Ghana's progress in gender equality slow – Prof Kuenyehia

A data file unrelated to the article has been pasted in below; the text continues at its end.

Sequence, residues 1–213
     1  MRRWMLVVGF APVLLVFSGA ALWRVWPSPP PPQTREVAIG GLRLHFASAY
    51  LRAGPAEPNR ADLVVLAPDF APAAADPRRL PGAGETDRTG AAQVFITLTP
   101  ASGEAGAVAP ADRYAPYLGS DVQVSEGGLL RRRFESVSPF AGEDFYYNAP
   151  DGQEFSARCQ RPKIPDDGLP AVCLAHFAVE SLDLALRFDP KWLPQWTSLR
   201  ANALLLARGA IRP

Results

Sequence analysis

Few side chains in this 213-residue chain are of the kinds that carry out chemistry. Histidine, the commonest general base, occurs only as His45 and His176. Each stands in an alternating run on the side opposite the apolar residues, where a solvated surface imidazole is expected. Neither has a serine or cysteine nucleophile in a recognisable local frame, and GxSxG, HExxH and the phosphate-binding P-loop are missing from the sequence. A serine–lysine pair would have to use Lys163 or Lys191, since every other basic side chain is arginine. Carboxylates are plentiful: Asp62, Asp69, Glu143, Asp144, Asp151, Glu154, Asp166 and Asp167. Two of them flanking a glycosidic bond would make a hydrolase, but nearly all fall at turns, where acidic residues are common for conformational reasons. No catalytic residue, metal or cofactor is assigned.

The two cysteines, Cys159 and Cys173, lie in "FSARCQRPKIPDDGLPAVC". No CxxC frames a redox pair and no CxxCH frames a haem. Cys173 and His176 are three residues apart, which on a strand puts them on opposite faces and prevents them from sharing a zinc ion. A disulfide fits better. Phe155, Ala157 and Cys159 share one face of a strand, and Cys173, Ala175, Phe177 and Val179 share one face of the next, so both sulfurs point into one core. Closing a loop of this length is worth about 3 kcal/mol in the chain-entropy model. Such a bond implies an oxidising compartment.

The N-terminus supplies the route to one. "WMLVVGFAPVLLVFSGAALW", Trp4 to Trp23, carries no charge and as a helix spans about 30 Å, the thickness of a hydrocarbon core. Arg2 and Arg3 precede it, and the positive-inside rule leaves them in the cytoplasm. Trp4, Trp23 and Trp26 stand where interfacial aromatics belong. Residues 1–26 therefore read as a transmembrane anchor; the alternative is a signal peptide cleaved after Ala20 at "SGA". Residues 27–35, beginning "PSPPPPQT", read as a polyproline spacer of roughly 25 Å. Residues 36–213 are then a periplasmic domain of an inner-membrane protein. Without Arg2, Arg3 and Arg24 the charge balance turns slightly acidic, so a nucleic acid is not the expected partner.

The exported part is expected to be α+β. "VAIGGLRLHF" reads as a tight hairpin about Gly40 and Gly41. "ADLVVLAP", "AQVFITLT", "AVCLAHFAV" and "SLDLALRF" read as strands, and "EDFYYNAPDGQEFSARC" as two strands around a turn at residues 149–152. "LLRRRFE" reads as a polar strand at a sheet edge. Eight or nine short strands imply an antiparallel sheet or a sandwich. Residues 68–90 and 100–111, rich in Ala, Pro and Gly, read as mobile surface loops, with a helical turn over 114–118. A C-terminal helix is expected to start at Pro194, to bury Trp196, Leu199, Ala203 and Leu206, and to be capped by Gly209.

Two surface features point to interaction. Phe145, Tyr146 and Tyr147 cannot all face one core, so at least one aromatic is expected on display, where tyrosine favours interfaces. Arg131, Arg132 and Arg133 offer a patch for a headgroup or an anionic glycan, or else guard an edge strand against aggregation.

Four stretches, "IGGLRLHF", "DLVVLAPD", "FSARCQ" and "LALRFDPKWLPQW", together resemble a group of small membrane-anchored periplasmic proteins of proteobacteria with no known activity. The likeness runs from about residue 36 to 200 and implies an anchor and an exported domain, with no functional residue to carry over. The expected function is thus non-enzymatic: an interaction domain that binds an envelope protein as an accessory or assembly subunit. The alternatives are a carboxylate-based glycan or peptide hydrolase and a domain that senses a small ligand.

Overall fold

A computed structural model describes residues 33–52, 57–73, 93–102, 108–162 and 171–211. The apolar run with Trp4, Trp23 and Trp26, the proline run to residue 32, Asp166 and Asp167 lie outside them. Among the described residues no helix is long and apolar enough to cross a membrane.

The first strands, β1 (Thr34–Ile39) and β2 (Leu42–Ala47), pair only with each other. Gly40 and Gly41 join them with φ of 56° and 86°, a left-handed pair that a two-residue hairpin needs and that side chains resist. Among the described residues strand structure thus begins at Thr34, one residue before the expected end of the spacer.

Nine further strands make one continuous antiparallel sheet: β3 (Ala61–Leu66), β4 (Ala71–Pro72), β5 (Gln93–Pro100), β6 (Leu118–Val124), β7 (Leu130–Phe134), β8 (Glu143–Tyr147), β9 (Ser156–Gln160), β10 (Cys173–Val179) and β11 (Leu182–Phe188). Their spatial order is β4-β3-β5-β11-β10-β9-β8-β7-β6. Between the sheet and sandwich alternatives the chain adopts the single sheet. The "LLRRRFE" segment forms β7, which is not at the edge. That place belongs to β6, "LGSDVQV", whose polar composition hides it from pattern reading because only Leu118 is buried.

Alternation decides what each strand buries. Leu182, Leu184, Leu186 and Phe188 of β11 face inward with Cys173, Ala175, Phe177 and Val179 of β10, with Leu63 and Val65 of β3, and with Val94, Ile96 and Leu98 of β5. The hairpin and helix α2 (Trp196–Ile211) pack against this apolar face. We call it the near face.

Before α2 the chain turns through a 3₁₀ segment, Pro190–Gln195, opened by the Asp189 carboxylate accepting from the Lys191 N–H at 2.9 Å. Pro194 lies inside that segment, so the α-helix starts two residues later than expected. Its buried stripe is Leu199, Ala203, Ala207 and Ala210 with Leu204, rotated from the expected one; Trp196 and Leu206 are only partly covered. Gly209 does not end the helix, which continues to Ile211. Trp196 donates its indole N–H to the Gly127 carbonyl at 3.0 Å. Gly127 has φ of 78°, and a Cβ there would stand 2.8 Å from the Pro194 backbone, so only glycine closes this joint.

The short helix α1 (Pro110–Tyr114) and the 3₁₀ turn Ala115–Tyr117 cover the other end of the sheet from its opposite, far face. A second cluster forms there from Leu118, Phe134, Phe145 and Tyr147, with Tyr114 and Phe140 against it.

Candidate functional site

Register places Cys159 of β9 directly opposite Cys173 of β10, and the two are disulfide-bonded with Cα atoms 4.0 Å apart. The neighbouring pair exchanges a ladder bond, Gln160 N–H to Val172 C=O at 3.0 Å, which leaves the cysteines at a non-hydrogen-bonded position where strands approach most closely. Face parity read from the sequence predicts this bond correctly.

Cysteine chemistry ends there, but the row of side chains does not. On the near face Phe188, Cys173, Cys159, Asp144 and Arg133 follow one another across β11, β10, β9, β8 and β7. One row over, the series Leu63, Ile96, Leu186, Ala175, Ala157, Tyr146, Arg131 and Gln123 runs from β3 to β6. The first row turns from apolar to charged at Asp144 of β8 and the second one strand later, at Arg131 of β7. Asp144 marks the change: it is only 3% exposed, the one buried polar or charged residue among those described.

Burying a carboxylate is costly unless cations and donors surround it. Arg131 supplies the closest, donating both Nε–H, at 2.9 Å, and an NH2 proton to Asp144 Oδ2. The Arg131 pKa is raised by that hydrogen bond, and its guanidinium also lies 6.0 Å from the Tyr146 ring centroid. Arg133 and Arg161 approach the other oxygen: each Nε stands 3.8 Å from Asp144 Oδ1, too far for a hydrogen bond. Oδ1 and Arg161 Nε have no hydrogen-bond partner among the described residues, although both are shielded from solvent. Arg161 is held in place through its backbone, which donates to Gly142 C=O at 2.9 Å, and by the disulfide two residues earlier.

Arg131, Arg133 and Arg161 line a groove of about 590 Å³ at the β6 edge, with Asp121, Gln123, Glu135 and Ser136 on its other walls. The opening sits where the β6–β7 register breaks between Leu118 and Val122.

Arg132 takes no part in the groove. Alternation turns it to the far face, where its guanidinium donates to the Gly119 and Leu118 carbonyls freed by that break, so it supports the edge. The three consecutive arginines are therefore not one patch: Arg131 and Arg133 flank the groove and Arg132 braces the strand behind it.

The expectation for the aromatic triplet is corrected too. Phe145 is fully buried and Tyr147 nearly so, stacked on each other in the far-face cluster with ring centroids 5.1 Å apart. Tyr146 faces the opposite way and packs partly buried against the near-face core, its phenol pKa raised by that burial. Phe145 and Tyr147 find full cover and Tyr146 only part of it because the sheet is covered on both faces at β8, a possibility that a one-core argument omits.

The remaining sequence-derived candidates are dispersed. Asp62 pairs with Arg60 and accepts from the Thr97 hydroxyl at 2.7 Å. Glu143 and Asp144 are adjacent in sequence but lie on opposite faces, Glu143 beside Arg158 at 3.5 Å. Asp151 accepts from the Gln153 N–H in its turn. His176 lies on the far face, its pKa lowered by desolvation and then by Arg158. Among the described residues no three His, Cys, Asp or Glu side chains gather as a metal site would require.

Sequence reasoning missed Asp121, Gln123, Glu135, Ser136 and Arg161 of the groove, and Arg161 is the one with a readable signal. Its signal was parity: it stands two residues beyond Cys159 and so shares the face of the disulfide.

One of the pioneers of gender equality in the country, Professor Akua Kuenyehia  has lamented what she describes as the slow pace of Ghana’s achievement with respect to gender parity. “Personally, I think [the] progress is very slow and sometimes frustrating. I mean we are in the 21st century and we’re still talking about empowering women” she told 3FM in New York on the sidelines of the ongoing Commission on the Status of Women. Professor Kuenyehia who was one of three judges on the ICC chaired Ghana’s side of the CSW on the Theme “The Economic Empowerment of Women n the Cocoa Industry in Ghana”. She explained Ghana was “looking at empowering the rural woman in terms of economic; this particular presentation by Ghana was to showcase the Ghanaian rural woman especially in the cocoa industry. The industry is one of our biggest economic activity and it was to showcase the role women play in the sector, what their challenges are so that they can be helped to achieve the maximum not just for themselves but for the entire  country” she added. Touching on the focus of the 2017 conference, she stated the Conference was concentrating on women at the work place because that is the problem women have. “Even though they work all the time, their work is not always recognized. For instance when you are a house wife, it is assumed you don’t work. But if you calculate the amount of time that goes into cooking, cleaning washing and taking care of children, it’s a lot. “So the objective is to look at women at the work place and how they can be helped to make the maximum impact” Prof. Kuenyehia said. She however maintained “progress is slow and I think that’s how it is all over the world’. The 61st session of the Commission on the Status of Women currently underway in New York is the principal global intergovernmental body exclusively dedicated to the promotion of gender equality and the empowerment of women. The CSW conference is instrumental in promoting women’s rights, documenting the reality of women’s lives throughout the world, and shaping global standards on gender equality and the empowerment of women. It was established by Council resolution 11(II) of 21 June 1946. This year’s theme is Women’s economic empowerment in the changing world of work.

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